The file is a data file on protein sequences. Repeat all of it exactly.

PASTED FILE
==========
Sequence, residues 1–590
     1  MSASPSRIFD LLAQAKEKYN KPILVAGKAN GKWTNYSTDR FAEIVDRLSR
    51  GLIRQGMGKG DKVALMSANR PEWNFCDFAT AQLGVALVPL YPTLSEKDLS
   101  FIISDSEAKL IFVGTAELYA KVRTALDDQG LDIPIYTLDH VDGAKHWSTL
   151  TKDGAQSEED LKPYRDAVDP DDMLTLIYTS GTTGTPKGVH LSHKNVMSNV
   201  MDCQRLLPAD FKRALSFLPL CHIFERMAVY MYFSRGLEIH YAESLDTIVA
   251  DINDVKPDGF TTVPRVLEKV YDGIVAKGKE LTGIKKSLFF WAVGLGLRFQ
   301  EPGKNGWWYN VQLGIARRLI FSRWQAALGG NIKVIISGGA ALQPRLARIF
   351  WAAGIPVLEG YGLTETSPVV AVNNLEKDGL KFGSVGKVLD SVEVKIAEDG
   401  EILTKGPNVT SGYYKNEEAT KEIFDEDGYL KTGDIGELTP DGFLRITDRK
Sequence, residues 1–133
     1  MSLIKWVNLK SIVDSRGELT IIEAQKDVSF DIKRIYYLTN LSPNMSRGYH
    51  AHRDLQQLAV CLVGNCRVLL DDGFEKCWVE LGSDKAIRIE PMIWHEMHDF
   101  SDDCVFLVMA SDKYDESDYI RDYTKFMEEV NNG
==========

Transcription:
Sequence, residues 1–590
     1  MSASPSRIFD LLAQAKEKYN KPILVAGKAN GKWTNYSTDR FAEIVDRLSR
    51  GLIRQGMGKG DKVALMSANR PEWNFCDFAT AQLGVALVPL YPTLSEKDLS
   101  FIISDSEAKL IFVGTAELYA KVRTALDDQG LDIPIYTLDH VDGAKHWSTL
   151  TKDGAQSEED LKPYRDAVDP DDMLTLIYTS GTTGTPKGVH LSHKNVMSNV
   201  MDCQRLLPAD FKRALSFLPL CHIFERMAVY MYFSRGLEIH YAESLDTIVA
   251  DINDVKPDGF TTVPRVLEKV YDGIVAKGKE LTGIKKSLFF WAVGLGLRFQ
   301  EPGKNGWWYN VQLGIARRLI FSRWQAALGG NIKVIISGGA ALQPRLARIF
   351  WAAGIPVLEG YGLTETSPVV AVNNLEKDGL KFGSVGKVLD SVEVKIAEDG
   401  EILTKGPNVT SGYYKNEEAT KEIFDEDGYL KTGDIGELTP DGFLRITDRK
Sequence, residues 1–133
     1  MSLIKWVNLK SIVDSRGELT IIEAQKDVSF DIKRIYYLTN LSPNMSRGYH
    51  AHRDLQQLAV CLVGNCRVLL DDGFEKCWVE LGSDKAIRIE PMIWHEMHDF
   101  SDDCVFLVMA SDKYDESDYI RDYTKFMEEV NNG